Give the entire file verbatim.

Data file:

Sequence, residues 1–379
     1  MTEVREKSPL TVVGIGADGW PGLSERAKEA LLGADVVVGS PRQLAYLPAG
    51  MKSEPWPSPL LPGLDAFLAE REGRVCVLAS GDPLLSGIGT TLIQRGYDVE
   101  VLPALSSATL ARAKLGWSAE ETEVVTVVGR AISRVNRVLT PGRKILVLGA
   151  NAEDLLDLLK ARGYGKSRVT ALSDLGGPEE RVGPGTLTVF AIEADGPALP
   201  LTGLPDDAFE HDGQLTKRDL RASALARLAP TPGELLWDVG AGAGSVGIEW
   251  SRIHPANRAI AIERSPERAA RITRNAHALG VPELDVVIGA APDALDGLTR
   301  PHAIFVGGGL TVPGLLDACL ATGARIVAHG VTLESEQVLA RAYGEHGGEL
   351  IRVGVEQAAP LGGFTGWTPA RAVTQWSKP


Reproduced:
Sequence, residues 1–379
     1  MTEVREKSPL TVVGIGADGW PGLSERAKEA LLGADVVVGS PRQLAYLPAG
    51  MKSEPWPSPL LPGLDAFLAE REGRVCVLAS GDPLLSGIGT TLIQRGYDVE
   101  VLPALSSATL ARAKLGWSAE ETEVVTVVGR AISRVNRVLT PGRKILVLGA
   151  NAEDLLDLLK ARGYGKSRVT ALSDLGGPEE RVGPGTLTVF AIEADGPALP
   201  LTGLPDDAFE HDGQLTKRDL RASALARLAP TPGELLWDVG AGAGSVGIEW
   251  SRIHPANRAI AIERSPERAA RITRNAHALG VPELDVVIGA APDALDGLTR
   301  PHAIFVGGGL TVPGLLDACL ATGARIVAHG VTLESEQVLA RAYGEHGGEL
   351  IRVGVEQAAP LGGFTGWTPA RAVTQWSKP